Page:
The Pros and Cons of Studying Law at A-level

The Pros and Cons of Studying Law at A-level

If you have come to the end of your GCSEs and you are considering studying Law at A-level but want to know the pros and cons first, then here is the place to find out more. Although not all schools and colleges provide Law at A-level, many do.

– Studying law at A-Level gives you a broad overview of the subject and enables you to experience what the subject itself is really about.
– It introduces you to the subject of Law itself before you go to university which may make undergraduate study of Law easier to understand.
– Studying Law at A-Level can develop your interest in the subject further, in turn giving you specific examples and knowledge to use when writing personal statements.

– Some universities do not view A-Level Law favourably and may consider it as a soft subject or a ‘non-preferred’ subject, an example of such a university is LSE.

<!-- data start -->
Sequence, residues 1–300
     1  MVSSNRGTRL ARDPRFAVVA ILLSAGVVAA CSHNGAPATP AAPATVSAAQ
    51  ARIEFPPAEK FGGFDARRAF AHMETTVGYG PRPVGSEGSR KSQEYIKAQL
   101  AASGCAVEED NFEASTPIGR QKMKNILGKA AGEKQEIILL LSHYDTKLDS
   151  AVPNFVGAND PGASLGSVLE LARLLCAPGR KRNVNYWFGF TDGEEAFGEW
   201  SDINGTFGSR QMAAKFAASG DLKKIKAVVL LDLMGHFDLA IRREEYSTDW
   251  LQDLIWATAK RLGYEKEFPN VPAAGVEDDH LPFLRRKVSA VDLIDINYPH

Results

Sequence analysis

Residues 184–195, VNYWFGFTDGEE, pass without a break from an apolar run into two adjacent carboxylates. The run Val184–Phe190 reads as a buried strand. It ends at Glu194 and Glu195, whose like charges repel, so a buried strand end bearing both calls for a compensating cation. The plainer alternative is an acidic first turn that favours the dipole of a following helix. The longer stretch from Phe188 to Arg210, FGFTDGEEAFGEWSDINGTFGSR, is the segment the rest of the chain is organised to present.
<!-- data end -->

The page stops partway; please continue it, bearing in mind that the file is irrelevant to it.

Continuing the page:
– Studying Law will not necessarily give you an advantage in comparison to other subjects in terms of a UCAS application.
– When studying A-Level Law, you will not study all topics in great detail. For example, if you are studying Criminal Law at A2 level, not necessarily all the topics related to Criminal Law will be studied.
– A-Level Law requires lots of memorising of cases as well as a large work load from the very beginning.


Other related subjects

– Economics, Business Studies and Politics are all helpful when studying Law. Learning about business functions and political concepts will prove useful when studying Law at undergraduate level as modules at university will include the study of EU Law, Public Law, Contract Law etc.
– Sciences and Mathematics are also viewed favourably. These subjects demonstrate that you are able to think about, understand and interpret complex ideas.
– History and English Literature. These subjects require excellent writing and analytical skills as well as the ability to assimilate lots of information, all of which are key skills when studying Law at undergraduate level.


Other routes
For those not studying A-levels but are interested in studying Law, BTEC Law may be an option. The availability of this subject however, will depend on the school or college you are attending. Another difference is that BTEC Law is largely coursework-based and there may also be a limited number of universities who accept this course as a valid entry route to undergraduate study.


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